Both budgets and box-office prospects for Japanese indie films have been declining for years. As the former approaches the zero mark, so do recognizable actors and other standard indicators of quality. Audiences, smelling amateurism, stay away.
Flying in the face of this dismal trend is Shinichiro Ueda’s brilliant zombie comedy “One Cut of the Dead,” made for nearly nothing with a no-name cast. An international festival favorite, it has stirred up the sort of pre-release buzz that films with 10 times its ¥2.5 million budget can’t buy.
Though he has directed prize-winning shorts, as well as a segment of the 2015 omnibus feature “Cat Quarters,” Ueda is a relative newcomer, as is the film’s cast, who are all students at Enbu Seminar, a Tokyo film school. “One Cut of the Dead” is a workshop film made under the school’s Cinema Project banner.
|Rating||out of 5|
|Run Time||96 mins.|
This film differs from the struggling indie hordes in one crucial way: The script, written by Ueda, is a work of pop cinema genius, with a Chinese box of a story whose surprises feel more inspired than contrived. Meanwhile, the film makes laugh-out-loud virtues out of its calculated amateurishness, from helter-skelter staging to slapdash effects.
“One Cut of the Dead” begins as a “making of” video for a zombie movie shoot in an abandoned factory. The director (Takayuki Hamazu), a loudmouthed perfectionist, is driving his cast and crew up the wall and is at a breaking point himself since the producer (Yoshiko Takehara) had the mad idea of shooting the entire story in one long take for TV broadcast — he has flubbed 42 times already. No wonder he’s sweating bullets.
While running his exhausted actors through their paces yet again, a real zombie appears on the scene, hungry for human flesh. Instead of telling everyone to run for their lives, the director continues to shoot. After all, this is career-changing footage, but his terrified cast and crew are turning into zombies one by one. His epic may end up being seen only by the zombies themselves, assuming they can work a camera.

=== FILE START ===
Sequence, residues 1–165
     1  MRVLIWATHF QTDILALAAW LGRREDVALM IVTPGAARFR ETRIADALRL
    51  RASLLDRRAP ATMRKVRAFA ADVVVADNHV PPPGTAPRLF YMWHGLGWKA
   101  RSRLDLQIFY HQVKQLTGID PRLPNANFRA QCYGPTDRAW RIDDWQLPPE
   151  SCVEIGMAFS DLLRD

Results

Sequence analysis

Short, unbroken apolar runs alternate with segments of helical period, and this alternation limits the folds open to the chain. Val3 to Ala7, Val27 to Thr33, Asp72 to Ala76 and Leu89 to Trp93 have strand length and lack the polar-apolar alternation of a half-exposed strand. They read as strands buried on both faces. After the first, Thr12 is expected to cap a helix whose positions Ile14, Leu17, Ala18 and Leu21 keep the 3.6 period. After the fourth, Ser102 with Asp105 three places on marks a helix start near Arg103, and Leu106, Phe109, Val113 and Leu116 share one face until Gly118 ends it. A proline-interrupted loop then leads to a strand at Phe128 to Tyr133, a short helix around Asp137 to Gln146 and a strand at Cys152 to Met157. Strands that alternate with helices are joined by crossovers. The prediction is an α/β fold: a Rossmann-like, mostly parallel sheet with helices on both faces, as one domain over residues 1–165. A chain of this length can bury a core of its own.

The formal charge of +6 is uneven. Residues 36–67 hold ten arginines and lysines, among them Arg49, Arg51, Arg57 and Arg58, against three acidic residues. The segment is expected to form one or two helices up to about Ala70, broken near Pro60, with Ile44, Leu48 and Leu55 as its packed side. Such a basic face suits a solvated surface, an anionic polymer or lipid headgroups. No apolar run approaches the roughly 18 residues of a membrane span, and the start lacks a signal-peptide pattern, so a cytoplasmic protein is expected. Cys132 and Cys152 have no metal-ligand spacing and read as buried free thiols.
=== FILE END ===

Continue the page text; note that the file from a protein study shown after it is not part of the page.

Up till this point the film is a knock-about comedy, filmed with a crazed energy and headlong pace, its big joke being the nutty director obsessed with his art in the middle of chaos. Its funniest character, though, is the director’s wife (Harumi Shuhama), a retired actress helping out behind the scenes who proves to be a kick-ass zombie fighter.
Thirty-seven minutes in, just as the joke is wearing thin, the story resets, with a fresh perspective that infuses the proceedings with a new energy and meaning. The film becomes even funnier, while making us appreciate the dedication, ingenuity and passion of its on-screen movie folk — and the unknowns who play them.
Then, just as we are waiting for the credits to roll, Ueda tops his topper, taking the film to yet another level. What had begun as a clever, if patchily executed, stunt becomes an even more inspiring ode to filmmaking.
On a personal note, immediately after seeing the film I strongly recommended it to the Udine Far East Film Festival in Italy, where it had its world premiere in April. At the end, the 500-strong audience gave it a five-minute standing ovation. And tossing critical objectivity to the winds, I applauded with them. Another happy victim of the zombie infection.
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